flipped classroom for several years without realizing that was what I was doing! For me, it was mostly about the time aspect. I teach in a very intensive two year program, one that could easily be three or even four years. We have a large volume of material to teach the students and there is never enough time (or space). In one of my courses, the students learn how to take and develop x-rays. In one of the first labs of the semester, I teach how to develop the x-rays using an automatic developer. The developer is kept in the darkroom, the size of which allows a maximum number of four people that can be in the room at one time. I have 15 students per two hour lab session; teaching all the parts of the developer, how it works and how to care for it takes no less than 15 minutes. It was eating up much too much of my lab time (an hour per 15 students), so one year I filmed myself teaching about the developer and now have the students watch the recording prior to coming to the lab session.
Since having filmed the workings of the automatic x-ray developer, our department has filmed many more tasks and skills for the students to watch prior to the lab sessions. We can then focus the sessions on the students actually getting to practice the skills, rather than having to spend the first 30 minutes explaining and demonstrating. In the article, the one of the teachers says that the students can't just watch the video and that is that; he has them come to class with a prepared question. The biggest challenge that we have had is ensuring the students watch the video to begin with! We have somewhat solved the issue by having pre-lab quizzes: after watching the video, students are required to take a 10 minute quiz to ensure they have understood the content. This also helps the students discover what aspects of the task they don't understand or aren't sure about. When they come to the lab session, they can clarify at the outset and practice the skill correctly rather than make attempts in a trial and error fashion and end up frustrated.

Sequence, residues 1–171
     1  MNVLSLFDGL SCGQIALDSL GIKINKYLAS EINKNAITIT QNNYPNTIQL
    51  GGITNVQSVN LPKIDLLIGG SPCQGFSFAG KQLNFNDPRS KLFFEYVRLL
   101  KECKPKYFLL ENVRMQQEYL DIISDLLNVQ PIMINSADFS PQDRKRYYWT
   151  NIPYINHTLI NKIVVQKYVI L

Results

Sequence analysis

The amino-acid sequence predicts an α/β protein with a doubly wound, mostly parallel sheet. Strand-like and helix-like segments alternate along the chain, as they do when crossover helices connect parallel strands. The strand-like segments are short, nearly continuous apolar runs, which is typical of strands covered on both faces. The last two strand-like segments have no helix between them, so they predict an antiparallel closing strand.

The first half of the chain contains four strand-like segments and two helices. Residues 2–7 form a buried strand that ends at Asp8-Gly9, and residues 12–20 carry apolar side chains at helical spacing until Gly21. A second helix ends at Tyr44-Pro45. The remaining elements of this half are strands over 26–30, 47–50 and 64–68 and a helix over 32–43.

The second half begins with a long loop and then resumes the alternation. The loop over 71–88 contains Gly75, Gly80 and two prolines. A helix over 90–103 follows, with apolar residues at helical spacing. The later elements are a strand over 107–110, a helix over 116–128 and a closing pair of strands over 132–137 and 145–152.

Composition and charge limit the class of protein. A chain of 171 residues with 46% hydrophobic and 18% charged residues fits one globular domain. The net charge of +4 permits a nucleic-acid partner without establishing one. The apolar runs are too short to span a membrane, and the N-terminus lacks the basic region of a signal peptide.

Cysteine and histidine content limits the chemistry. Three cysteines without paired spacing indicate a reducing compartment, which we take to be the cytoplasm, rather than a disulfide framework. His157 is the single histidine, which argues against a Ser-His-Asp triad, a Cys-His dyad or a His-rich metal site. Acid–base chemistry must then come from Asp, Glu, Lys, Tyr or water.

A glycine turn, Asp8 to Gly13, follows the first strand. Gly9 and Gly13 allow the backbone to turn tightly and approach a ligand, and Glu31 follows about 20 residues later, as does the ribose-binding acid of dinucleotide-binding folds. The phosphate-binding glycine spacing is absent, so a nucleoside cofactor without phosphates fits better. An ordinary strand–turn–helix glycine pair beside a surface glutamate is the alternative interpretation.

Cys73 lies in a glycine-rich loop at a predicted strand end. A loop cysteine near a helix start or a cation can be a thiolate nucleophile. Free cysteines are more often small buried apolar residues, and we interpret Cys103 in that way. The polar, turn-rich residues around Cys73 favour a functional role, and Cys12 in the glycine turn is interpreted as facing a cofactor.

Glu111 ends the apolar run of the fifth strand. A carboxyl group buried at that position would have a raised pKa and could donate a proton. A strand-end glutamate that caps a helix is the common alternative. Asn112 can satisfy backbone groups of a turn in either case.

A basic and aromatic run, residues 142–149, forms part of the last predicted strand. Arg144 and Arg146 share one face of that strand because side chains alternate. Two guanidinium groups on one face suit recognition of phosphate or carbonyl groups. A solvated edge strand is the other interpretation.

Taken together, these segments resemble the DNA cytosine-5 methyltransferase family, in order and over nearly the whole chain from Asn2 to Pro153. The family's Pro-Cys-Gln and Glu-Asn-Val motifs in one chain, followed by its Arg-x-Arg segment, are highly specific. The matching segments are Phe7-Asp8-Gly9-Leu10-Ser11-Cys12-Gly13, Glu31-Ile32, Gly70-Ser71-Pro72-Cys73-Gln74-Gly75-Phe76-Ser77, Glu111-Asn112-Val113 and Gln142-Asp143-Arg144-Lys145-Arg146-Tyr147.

I think another great reason to use a flipped classroom model is the inclination for students nowadays to want to use technology at every turn. Watching a video (especially in the comfort of their own home) is much more enjoyable than sitting in a classroom or lab setting watching the instructor talk or demo at the front. There currently is a great resource in veterinary medicine that is particularly helpful in this vein: Dove-Lewis Emergency Animal Hospital in Portland, Oregon created a website of training content for veterinarians, technologists and hospital staff. The training videos feature the staff of Dove-Lewis performing tasks 'in real life', as opposed to a teaching setting. These videos can not only satisfy students' desire to use technology, but may also assist in having students see that there are different ways of getting the job done. Many of our students have worked in the veterinary field for a time prior to coming to school. They may have seen (or learned themselves) ways of doing certain tasks that we are now teaching them to do in a much different manner. We teach the 'gold standard' of performing the skill, which often takes more time and money than is available in practice. Seeing these tasks performed to this standard by those working in practice, not just their instructors in school, can hopefully help solidify the reasons behind the high standards we discuss and demonstrate.
I think that a flipped classroom is a fantastic model for use in my program. Videos provide a great resource to save classroom/lab time for more interaction with students as they practice skills. Now if I can just find the time to go through the videos and decide which to use!
*I thought that this was a good informational flyer on flipped classrooms.